“On the surface, the power of the Roots stories remains something of mystery or paradox,” Michael J. Arlen wrote in The New Yorker in 1979, after Roots: The Next Generation, also known as Roots II, came out. “The nature of this power is not so clear. For example, the dramas are alleged to be uplifting to blacks, and so they are, but they are also in many instances subtly and not so subtly condescending toward them. Or they are supposed to be instructive to whites, but in fact the instruction is often inept, implausible, and inaccurate.”
The inaccuracy, which Arlen lingered on, had been expanded upon three years earlier by historian Willie Lee Rose. It had to do, among other things, with Haley’s idyllic description of his ancestors’ native village of Juffure on the Gambian River. Roots opens with the birth, in a bucolic tent, of a baby boy. The year is 1750. All around are signs of the symbiotic relationship between man and nature. Human life in the village is peaceful and unobtrusive. The landscape is lush. We see one striking harbinger of the menace to come: a leopard ravaging the family’s goat.
The baby’s father names him Kunta Kinte. As a boy, Kunta Kinte learns to hunt and to gather. He is a fast learner; a lot is made of his courage. When he attends manhood training with other boys from his Mandinka tribe, he is the first to volunteer to take on a man twice his size. But the African Eden he grew up in is soon disturbed. Two white men in charge of a slave ship arrive one day on the Juffure shore to discuss the logistics of their future “cargo.” In one of the series’ most famous scenes, Kunta Kinte ambles into the woods at the suggestion of his grandmother (played by a wonderful Maya Angelou) to fashion a drum for his younger brother. As he searches for some logs, four African slavers emerge from the trees and begin to run after him. A chase ensues, at the end of which the teenaged Kunta Kinte is harnessed with a rope like a wild animal, shackled, and led aboard the Maryland-bound ship.
This scene was one of the first depictions in American culture of African slavers and of the role they played in the booming slave trade of the time. But as Rose pointed out in his review of Roots the book, to think that the real Juffure in the 18th century was as pastoral as Haley made it out to be before the slavers arrived is, quite simply, “not possible.” Juffure was in reality the focal point of a prolific trade system, run by a powerful local king who controlled and restricted all movement along the Gambia River. It had likely been a slave-trading epicenter for all of West Africa long before Kunta Kinte went searching for that drum shell. Given that at the time a commercial war was under way between the African king and the English Empire over customs payment, “It is also inconceivable at any time, but particularly under these circumstances, that two white men should have dared come ashore in the vicinity of Juffure to capture Kunta Kinte.”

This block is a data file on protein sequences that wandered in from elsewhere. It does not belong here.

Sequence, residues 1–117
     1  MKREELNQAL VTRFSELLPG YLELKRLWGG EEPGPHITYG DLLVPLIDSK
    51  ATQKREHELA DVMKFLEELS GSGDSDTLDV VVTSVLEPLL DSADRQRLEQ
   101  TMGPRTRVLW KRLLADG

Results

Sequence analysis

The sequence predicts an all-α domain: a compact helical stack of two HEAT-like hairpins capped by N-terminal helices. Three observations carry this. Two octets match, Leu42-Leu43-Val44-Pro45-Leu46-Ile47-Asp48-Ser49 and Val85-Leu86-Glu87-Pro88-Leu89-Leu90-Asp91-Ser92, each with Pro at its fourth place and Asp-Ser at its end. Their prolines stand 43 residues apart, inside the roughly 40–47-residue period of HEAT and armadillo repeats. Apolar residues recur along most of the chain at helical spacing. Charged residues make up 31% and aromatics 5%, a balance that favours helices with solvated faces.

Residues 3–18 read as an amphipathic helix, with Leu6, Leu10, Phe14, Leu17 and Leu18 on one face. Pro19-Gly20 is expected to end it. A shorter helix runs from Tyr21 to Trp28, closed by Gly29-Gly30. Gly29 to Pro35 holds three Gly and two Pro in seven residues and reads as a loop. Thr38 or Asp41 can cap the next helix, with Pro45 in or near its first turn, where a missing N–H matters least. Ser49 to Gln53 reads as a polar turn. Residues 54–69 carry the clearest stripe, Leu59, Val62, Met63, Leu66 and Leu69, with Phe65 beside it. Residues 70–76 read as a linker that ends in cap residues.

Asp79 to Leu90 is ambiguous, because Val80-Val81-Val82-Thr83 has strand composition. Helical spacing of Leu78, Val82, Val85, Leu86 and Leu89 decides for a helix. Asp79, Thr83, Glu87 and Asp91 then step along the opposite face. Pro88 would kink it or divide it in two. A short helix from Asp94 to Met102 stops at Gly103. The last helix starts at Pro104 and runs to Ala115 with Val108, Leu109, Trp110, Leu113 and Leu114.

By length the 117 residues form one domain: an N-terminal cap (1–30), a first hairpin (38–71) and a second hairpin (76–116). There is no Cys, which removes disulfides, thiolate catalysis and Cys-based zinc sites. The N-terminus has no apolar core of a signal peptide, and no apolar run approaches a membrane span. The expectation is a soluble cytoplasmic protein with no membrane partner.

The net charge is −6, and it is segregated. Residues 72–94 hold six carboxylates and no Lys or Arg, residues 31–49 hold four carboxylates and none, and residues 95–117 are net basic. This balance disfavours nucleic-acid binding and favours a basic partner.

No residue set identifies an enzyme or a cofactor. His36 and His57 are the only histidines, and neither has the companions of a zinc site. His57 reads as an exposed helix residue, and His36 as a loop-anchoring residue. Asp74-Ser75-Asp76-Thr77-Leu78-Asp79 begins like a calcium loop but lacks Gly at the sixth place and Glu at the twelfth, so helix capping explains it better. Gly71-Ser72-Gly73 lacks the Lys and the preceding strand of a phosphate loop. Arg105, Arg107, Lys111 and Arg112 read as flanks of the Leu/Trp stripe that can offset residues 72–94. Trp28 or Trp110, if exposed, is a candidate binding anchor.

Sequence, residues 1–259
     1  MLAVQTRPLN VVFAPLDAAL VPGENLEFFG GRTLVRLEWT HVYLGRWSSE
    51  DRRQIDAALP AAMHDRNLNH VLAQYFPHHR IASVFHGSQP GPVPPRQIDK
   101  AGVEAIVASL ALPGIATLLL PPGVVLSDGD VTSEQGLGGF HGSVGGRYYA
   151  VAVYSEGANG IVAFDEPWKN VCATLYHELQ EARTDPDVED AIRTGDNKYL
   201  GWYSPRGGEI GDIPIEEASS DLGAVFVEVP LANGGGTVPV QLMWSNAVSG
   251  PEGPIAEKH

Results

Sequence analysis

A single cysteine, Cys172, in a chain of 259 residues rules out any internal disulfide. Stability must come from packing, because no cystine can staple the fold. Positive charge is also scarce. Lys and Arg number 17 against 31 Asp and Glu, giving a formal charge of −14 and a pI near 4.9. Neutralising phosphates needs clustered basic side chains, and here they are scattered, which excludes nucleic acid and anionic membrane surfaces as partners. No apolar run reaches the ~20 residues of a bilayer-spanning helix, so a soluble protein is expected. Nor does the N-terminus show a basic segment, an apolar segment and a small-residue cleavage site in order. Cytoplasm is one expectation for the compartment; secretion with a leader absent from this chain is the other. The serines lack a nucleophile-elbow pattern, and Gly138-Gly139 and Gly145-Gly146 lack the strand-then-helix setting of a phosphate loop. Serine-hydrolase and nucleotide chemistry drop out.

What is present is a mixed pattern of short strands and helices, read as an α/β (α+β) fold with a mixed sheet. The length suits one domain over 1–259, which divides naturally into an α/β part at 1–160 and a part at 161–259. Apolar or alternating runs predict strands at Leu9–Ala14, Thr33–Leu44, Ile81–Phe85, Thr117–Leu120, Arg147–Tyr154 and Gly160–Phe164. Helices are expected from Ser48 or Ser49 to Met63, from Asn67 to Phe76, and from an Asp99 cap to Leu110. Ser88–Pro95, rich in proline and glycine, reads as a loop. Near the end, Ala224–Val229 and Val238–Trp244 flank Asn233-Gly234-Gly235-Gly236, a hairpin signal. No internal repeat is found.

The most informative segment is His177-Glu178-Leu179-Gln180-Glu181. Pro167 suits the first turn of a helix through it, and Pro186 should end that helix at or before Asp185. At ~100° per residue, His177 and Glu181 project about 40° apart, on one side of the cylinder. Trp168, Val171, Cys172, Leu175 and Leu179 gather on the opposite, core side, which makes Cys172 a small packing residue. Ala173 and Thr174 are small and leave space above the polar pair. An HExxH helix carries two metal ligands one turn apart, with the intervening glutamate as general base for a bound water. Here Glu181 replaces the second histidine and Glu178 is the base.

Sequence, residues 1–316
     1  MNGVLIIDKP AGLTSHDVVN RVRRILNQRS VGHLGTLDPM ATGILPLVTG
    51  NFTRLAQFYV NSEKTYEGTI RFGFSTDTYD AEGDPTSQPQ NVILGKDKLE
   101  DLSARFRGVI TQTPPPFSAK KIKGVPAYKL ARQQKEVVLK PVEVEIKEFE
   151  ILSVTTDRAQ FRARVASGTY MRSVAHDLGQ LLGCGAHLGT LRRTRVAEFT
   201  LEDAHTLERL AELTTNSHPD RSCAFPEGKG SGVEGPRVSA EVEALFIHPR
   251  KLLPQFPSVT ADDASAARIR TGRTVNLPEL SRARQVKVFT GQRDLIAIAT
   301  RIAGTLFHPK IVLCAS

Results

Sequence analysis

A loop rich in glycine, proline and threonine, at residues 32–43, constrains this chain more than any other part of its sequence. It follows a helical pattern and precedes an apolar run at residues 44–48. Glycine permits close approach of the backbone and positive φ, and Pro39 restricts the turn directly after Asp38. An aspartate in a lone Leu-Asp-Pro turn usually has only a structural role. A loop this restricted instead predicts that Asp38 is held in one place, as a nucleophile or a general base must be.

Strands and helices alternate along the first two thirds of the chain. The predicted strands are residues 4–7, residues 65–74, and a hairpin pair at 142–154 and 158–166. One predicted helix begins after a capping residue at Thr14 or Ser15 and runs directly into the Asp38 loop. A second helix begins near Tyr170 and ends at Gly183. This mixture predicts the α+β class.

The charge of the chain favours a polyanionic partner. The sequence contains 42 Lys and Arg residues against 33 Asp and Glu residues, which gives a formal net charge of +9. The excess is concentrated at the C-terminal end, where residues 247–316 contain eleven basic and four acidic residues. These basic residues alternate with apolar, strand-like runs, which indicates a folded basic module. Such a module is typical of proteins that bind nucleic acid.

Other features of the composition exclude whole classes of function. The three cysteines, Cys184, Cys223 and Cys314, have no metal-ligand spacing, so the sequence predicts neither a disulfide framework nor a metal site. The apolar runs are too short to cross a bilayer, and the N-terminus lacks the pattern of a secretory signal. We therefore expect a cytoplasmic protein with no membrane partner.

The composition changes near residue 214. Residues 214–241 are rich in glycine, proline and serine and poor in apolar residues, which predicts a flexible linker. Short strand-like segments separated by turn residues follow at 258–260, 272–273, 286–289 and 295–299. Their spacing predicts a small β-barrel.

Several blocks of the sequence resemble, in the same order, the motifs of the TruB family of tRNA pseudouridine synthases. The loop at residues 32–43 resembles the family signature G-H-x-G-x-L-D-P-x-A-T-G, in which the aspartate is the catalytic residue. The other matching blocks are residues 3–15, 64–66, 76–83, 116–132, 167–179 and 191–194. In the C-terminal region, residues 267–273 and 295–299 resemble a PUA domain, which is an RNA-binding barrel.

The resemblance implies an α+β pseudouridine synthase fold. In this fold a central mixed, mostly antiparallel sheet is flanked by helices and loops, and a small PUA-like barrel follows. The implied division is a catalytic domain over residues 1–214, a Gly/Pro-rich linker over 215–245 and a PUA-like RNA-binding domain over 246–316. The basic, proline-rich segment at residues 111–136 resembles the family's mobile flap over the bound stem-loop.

In taking Roots to task for playing fast and loose with the facts, this line of criticism both gets at and misses the main issue. The realm we are in, in Haley’s quixotic definition, is that of the “faction”—part fact, part fiction. His series condenses the span of a century to six one-hour episodes. This means that viewers are asked to suspend their disbelief enough to accept such things as the fact that, in a single episode, the grandson of Kunta Kinte—a young expert in cockfighting who goes by the name of Chicken George—will have grown enough not only to have children of his own but to have grandchildren. (No actor, not even a spirited Ben Vereen, is svelte enough to make this leap in time appear seamless.) Unbeknownst to him, George is half white. His mother’s master raped her after she had been sold off from her parents. As George grows up, his mother, Kizzy, tells him stories of his grandfather’s bravery and resistance; she tells him how Kunta Kinte had once tried to escape to freedom only to be caught and made to pay with his left foot. She wants George to take pride in his African heritage. But George believes in changing his fate from within the system. “I ain’t gonna be no damn runaway fool,” he tells her. Kizzy stares him down and says of her father: “Least he ain’t like you, slaved down to your bones.”